next question. we have evolved into statement and denunciation. as opposed to statement, question. [applause] >> how much time do we have? >> we have a way to go. my flight leaves later today. >> so when the trayvon martin incident happened, kobe bryant made a comment in the terms of the way the miami heat players addressed it.
they came out with the hoodies on in solidarity. and you take a little bit of exception to what will be bryant had to say. give us your perspective. >> first, he gave an interview to the "new yorker." i read the piece, and the question that the interviewer asked really was a ridiculous question. he sort of mixed several things together. he mixed with the miami heat did with kobe giving criticism for not being involved and more active on various issues, and then kobe bryant responded. first of all, people seem to forget the trayvon martin was killed on the night of the nba all-star game in sanford, florida. the game took place in orlando. he was going to come to watch the game. it was another two months before it blew up because, frankly, national media ignored it. it was on social media. i remember tweeting dewayne wade, who i know, and i
specifically said -- i am stunned that players who live in orlando and miami are saying nothing about this, because he lived in miami gardens. so i remember him tweeting -- thanks, brother, for pushing us and keeping us on these issues. a day later, they made the statement. the problem i had with kobe was he was missing critical facts as to what actually happened and what took place. the heat players were not saying george zimmerman was guilty. it was sending a signal that we stand in solidarity. with they also were saying with those hoodies was that even though we might be nba ballers, depending upon where we go, they might not recognize the face of of lebron or dwayne, so we're just like trayvon.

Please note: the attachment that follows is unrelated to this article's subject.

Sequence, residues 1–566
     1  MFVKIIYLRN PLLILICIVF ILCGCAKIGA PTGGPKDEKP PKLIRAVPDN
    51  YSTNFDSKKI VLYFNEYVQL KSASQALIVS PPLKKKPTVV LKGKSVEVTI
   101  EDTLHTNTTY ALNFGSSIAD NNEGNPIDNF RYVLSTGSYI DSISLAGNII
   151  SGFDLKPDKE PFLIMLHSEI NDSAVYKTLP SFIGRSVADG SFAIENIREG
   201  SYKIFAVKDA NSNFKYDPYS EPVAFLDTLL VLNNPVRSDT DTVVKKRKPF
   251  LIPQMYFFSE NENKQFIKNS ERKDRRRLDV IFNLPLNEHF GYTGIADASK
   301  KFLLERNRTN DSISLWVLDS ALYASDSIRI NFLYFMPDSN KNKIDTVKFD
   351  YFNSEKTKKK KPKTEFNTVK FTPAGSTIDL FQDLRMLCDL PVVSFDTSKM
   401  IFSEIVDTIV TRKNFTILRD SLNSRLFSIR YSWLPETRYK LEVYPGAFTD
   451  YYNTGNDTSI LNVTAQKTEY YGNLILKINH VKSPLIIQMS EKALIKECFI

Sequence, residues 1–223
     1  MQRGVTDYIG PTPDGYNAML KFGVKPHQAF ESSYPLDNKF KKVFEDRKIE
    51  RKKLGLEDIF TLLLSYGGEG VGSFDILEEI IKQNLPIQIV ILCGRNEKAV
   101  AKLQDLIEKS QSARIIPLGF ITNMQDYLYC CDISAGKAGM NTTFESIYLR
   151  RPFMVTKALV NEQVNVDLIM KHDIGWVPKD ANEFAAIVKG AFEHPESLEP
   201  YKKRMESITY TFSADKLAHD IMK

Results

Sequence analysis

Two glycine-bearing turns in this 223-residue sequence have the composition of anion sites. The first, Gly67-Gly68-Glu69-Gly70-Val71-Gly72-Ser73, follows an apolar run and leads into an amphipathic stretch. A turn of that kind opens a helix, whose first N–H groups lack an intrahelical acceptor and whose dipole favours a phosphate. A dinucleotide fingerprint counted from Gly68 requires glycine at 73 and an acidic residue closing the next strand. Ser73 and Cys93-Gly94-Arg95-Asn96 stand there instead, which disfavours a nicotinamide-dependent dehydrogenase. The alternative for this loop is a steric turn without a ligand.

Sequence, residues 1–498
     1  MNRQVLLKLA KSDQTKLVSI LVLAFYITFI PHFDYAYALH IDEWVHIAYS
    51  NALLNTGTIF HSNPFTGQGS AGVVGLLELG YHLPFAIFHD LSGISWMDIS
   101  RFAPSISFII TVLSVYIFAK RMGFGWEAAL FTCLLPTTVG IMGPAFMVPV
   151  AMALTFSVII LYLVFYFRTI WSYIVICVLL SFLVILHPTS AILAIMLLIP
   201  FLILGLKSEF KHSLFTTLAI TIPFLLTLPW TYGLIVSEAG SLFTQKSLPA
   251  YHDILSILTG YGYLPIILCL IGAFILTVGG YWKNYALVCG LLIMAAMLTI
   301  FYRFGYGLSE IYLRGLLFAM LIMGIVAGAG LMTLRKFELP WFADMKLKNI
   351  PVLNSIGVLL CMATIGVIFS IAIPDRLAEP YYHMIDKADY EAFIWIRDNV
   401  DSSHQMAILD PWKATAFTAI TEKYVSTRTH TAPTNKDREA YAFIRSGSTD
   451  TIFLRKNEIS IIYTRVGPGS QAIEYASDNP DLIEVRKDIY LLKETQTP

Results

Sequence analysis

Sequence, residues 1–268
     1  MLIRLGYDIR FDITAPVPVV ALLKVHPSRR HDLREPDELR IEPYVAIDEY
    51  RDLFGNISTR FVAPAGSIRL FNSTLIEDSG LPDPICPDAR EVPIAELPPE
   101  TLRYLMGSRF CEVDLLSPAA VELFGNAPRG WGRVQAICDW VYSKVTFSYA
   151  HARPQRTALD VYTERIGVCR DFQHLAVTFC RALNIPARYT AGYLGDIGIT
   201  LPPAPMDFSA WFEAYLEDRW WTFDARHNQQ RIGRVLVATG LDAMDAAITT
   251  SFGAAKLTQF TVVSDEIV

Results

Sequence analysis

if i am willing to criticize the president and oprah, kobe, i'm going to swing at you, to double up -- talk about you, too. he called my office. we had a discussion, and he said, you know, the issue i stated was i have a problem when people jump to someone's side because of race. i said, kobe, let me remind you -- because of the history of the black man being accused of rape in america and some black folks jumped at your side when you were accused of rape -- [applause] so in a conversation -- i was flying somewhere and he hit me and i seen his number, and luckily i answered here it he
he said, i see you are talking about me, and i was like, who the hell is this, and he said kobe. i said, kobe, the interview made it sound as if the heat players jumped to the conclusion because trayvon was black, and that is not what they were saying. that is what i took exception to. but it led to a conversation. i told him we can discuss it off-line or on television or radio, because there needs to be a broader discussion jim brown criticized him for the same thing. that is what i am saying -- when these things happen, we can either respond or we can communicate and really break it down and have a back-and-forth. that is why media is so important. you should not have the eight-minute quick discussion, racist or nonracist. it is, ok, what do you mean, and how can we get to that? >> here again, on the other side -- if i'm walking with my little girl and i see some somebody walking and it